I want you to try to imagine what it might have been like in the city of Jerusalem on a fateful spring Friday. Picture yourself being brought under the spell and excitement of that hour. There were three prisoners about to be executed for their crimes. Two were revolutionaries convicted of plotting to overthrow the Roman government. The other was a young prophet who was viewed as a threat in his own right. The crowd on hand for all of this, with a love of the gruesome, just wanted a show.
On the way to the cross that day, Jesus had endured untold agony. He had experienced the mental anguish of an illegal trial on spurious charges. He had endured the mockery of a crown of thorns thrust rudely down into his scalp. He had been scourged, beaten with the Roman flagellum, a whip consisting of several leather thongs tipped with bone and metal. This procedure caused unbearable pain, ripping the flesh from the bone, and sometimes created a state of shock due to blood loss; many people did not even survive a scourging.
But Jesus survived and went to the cross, the most humiliating and excruciating method of capital punishment known in the ancient world. Can you visualize the tearing of the flesh as they drove the nails through his wrists and the spike through His feet? The agony as his mutilated back rubbed against the wooden cross every time he heaved himself up to struggle for breath?
Had we endured what Jesus endured that day, would the first words we uttered from the cross have been a prayer? Luke records that he did just that: Father forgive them; for they know not what they do (Luke 23:34). In the most desperate hour of his life, Jesus prayed. That should not be surprising, because prayer was his habit, his lifestyle. Of course Jesus would pray now.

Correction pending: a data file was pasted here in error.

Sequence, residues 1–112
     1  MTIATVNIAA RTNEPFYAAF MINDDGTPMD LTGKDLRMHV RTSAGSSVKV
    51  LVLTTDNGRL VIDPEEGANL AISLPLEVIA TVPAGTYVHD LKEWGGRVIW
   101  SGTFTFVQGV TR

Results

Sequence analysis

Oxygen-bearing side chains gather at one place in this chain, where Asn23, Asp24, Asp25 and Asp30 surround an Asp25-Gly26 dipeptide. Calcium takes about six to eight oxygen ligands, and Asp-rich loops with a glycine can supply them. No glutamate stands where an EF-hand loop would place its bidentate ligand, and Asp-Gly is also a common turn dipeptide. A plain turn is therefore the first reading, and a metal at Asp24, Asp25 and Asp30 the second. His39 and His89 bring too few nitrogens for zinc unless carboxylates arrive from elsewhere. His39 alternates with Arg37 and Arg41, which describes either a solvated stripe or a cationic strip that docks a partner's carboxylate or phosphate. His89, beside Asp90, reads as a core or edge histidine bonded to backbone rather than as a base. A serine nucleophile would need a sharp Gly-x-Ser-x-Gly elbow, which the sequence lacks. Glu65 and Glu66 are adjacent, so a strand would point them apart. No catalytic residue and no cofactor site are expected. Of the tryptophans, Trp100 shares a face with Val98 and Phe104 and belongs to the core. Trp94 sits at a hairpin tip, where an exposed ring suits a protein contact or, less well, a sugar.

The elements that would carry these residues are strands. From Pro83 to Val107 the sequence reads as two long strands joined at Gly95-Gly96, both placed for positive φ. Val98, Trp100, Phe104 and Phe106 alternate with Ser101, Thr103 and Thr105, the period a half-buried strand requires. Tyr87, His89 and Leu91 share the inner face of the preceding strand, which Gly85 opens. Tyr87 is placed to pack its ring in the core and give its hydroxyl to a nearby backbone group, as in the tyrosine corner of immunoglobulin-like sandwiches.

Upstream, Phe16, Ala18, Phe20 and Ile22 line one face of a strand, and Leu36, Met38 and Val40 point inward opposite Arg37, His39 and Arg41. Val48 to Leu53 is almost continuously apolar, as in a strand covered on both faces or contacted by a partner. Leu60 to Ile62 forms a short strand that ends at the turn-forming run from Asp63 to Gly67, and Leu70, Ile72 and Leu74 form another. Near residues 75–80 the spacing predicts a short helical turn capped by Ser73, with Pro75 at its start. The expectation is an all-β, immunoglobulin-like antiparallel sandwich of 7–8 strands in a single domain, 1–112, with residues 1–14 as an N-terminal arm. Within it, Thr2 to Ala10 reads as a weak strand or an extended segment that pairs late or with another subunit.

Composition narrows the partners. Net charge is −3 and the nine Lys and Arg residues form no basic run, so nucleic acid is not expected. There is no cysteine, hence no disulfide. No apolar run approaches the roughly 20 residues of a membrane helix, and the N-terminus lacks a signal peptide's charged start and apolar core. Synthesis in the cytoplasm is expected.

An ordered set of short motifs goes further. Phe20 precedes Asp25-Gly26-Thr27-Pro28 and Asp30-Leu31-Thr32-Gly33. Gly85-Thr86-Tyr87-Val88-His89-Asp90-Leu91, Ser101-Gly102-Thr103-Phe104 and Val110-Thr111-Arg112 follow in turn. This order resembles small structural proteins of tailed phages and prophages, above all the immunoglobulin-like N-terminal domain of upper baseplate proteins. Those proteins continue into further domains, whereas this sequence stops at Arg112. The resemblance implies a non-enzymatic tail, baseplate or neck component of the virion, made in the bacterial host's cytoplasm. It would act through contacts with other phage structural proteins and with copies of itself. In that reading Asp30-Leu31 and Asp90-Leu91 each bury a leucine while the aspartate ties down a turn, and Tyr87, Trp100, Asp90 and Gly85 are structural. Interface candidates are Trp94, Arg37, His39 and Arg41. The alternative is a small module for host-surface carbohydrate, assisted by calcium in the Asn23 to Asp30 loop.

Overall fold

There are many who refuse to pray when everything is going well who suddenly become devout when a storm is brewing in life. Truthfully, we are all a bit like that sometimes. In our need and despair we cry “Lord, help me!”
But that was not the nature of Jesus’ prayer from the cross. He did not pray for deliverance. He did not pray that his friends and loved ones would be comforted. No – at that desperate time, in the midst of unthinkable suffering, Jesus prayed for his enemies! He put into practice what he had preached on a hillside in Galilee, what we call the “Sermon on the Mount.” Jesus prayed for the forgiveness of those who had wronged him.
One of the great roadblocks to the power of the church is the lack of forgiveness among the people of God. We hold grudges. We nurse old hurts. We have malice in our hearts. Jesus taught and lived the opposite of that way of life.
In asking for forgiveness for them, Jesus was asking the best for his murderers. Forgiveness means far more than release from a penalty. An executive may pardon and refuse to exercise punishment. But God does not merely withhold a penalty – his forgiveness reconciles us to him. Forgiveness is a restoral of fellowship. When God pardons us, He treats us as if we had never sinned. He forgets our ugly past. He walks with failures as if they had never failed.
Why is it that we – you and I – find forgiveness so hard? No one has treated us the way Jesus was treated. We have not been beaten, spit upon, or crowned with thorns. We have not been wronged in the way that He was wronged.
We need to emulate Jesus in forgiveness, just as we should in everything else. We need to remember his words in Matthew 7:12, Whatever you wish other do to you, do also to them. We all need forgiveness. If we would be forgiven, we must follow his example and forgive others. If Jesus, hanging on the cross, could pray, Father forgive them, they know not what they do, we should be able to forgive those who have wronged us too.